A former England international, Liverpool’s goalkeeper for seven years, owner of the highest record of Premier League appearances until May 2011, holds the record for the most clean sheets with 173, a philanthropist, a League Cup as well as an FA Cup winner and now a player as well as an assistant manager in Iceland. You’d be forgiven for thinking that would keep anyone busy, but not David James, as now he’s coming back to our screens as BT Sport’s newest co-analyst.
He has played for a whole collection of teams including Watford, Liverpool, Aston Villa, West Ham United, Manchester City, Portsmouth, Bristol City and Bournemouth. He has also had 53 appearances for the Three Lions from 1997 to the last World Cup in South Africa.
I met the former Manchester City player at BT Sport’s offices in Stratford where he greeted me with a smile and a very firm handshake, the strength you’d expect from an experienced goalkeeper. The room was pretty noisy as some of his colleagues, including Michael Owen, were in the middle of a rather loud conversation, but James would have none of it and asked them in a strict tone to keep it down, to which everyone obliged. The former member of the Liverpool ‘Spice Boys’ looked more serious now, with a healthy sense of humour nevertheless, but no more bleach blonde, no more dreadlocks and no more Superman comb-over, his frizzy hair and knowledge does just fine.
I ask him what his new role is and initially, it seemed like I’d caught him a bit off guard as he wasn’t sure about his title description until my interview fixer jumped in and told me that he is a co-analyst. He is not very fond of the term football pundit as he thinks it is a cliché but he is looking to bring the best information to the public based solely on facts and not his personal opinion. The Daily Mail called him the ‘stat-man’, which surprised him, however he does see the importance of the numbers games when it comes to football.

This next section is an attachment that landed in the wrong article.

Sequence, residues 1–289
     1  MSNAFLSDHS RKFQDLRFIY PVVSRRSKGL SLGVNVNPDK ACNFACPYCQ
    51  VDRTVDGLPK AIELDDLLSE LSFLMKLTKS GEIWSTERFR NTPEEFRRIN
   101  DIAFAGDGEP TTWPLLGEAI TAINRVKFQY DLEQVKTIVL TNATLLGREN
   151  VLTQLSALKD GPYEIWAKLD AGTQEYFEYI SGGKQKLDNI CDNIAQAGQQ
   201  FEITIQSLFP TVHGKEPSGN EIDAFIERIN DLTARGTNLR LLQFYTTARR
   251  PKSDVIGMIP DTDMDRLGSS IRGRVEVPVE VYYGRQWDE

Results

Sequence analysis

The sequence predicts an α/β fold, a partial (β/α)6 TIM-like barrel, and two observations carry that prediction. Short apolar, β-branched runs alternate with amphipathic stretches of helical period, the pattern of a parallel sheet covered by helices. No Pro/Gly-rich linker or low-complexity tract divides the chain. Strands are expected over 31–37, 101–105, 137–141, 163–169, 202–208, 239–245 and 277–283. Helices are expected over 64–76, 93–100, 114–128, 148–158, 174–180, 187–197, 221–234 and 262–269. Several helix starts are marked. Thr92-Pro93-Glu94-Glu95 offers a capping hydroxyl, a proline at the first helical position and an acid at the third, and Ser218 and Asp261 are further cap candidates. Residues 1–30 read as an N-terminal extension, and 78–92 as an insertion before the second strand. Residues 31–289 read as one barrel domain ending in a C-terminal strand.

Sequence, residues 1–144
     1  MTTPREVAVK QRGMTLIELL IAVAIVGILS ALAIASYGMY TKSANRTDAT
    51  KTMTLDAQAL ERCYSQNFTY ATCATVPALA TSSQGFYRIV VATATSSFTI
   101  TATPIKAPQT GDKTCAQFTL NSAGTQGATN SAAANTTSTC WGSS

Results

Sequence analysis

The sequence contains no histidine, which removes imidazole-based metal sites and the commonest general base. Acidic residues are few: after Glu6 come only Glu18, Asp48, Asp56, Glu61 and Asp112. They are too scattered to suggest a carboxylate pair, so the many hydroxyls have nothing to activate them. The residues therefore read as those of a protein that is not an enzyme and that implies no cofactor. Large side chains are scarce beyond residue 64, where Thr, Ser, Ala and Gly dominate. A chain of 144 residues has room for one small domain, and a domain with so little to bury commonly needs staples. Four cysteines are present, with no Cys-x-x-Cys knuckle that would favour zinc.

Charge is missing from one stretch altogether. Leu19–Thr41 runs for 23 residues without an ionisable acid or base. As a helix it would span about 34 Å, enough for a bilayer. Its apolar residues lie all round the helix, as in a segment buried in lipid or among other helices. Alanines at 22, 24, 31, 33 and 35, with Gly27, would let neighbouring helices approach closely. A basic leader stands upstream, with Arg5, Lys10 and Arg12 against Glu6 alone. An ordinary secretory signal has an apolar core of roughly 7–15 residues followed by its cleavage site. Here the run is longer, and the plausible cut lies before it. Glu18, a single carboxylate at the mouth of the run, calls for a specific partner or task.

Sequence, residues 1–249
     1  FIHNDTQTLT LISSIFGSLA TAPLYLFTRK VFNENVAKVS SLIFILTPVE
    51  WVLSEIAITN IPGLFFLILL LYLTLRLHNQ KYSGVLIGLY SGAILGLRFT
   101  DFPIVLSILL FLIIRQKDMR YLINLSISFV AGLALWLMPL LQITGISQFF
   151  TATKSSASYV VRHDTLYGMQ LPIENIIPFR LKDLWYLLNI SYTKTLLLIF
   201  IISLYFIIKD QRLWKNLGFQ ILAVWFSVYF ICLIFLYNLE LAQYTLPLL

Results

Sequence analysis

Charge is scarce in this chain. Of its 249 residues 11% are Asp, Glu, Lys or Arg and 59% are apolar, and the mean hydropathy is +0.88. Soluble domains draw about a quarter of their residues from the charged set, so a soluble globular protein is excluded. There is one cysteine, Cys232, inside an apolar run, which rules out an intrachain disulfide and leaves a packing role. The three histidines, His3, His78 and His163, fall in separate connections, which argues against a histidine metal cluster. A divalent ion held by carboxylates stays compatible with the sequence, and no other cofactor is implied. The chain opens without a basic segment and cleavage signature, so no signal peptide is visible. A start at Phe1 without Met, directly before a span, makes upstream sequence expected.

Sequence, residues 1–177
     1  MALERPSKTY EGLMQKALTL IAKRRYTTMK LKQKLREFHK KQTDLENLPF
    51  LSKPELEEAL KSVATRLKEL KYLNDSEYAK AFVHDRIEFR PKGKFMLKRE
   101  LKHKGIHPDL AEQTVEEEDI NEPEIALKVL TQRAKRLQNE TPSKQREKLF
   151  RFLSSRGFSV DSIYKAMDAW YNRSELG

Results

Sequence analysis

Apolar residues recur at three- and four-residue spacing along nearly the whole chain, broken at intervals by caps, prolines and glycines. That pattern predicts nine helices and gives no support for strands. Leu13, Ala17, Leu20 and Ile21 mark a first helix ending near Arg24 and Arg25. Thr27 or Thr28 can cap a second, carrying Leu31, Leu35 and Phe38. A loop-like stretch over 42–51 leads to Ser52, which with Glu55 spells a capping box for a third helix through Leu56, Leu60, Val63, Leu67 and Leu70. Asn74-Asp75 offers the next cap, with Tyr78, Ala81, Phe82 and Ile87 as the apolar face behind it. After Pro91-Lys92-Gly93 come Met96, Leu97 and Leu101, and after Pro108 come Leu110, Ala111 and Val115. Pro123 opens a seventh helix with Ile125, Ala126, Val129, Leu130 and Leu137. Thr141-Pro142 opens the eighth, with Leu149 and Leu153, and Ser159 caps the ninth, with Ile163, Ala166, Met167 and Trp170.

“For many years covering football matches has been pretty much the same, with ex-players and the presenter sat around the table giving their thoughts or opinions on stuff. I’m more, I like to think, sort of technically analytical than just subjectively opinionated, in a sense that things happen for a reason.”
BT Sport have also come up with a very interesting method of showing the key moments of the match to the audience with the use of a LED interactive pitch. That is where the veterans, such as James and Steve McManaman, enter the Tron-like field and show the best moments of the game themselves without the use of footage.
“There are other shows which have all the gadgetry and I think it’s not real. We can actually get in there; we can talk and physically show people. You can actually do the movements, move people and go through those processes.
“For me, as a coach, I’m thinking about the younger players who are trying to learn the game. If you just show pictures and don’t actually demonstrate it then it’s just words and they’re going to try and make up the missing bits.
“Unfortunately I’ve got too many goals in that net so far and I may have to have a word with the production staff.”
The 43-year-old is still active with Icelandic team IBV and his love for the game is evidently still strong. But how can anyone juggle the demands of a football team with that of BT Sport? James is under a rather tight schedule as he literally leaves the studio on Saturday after the show and flies to Iceland to make the Sunday fixture with his squad. The club seems fine with it, but the former West Ham keeper admitted that the combination may be tricky.
Being an analyst however is not his ultimate goal as he tells me that he would really like to become a manager. “When I first went out to Iceland to play for IBV my intention wasn’t just to play, it was a long way to go just to play football.
“I am currently doing my UEFA license and it was an opportunity as an assistant manager to get involved in the coaching side of things and by doing that to help the goalkeepers they had.”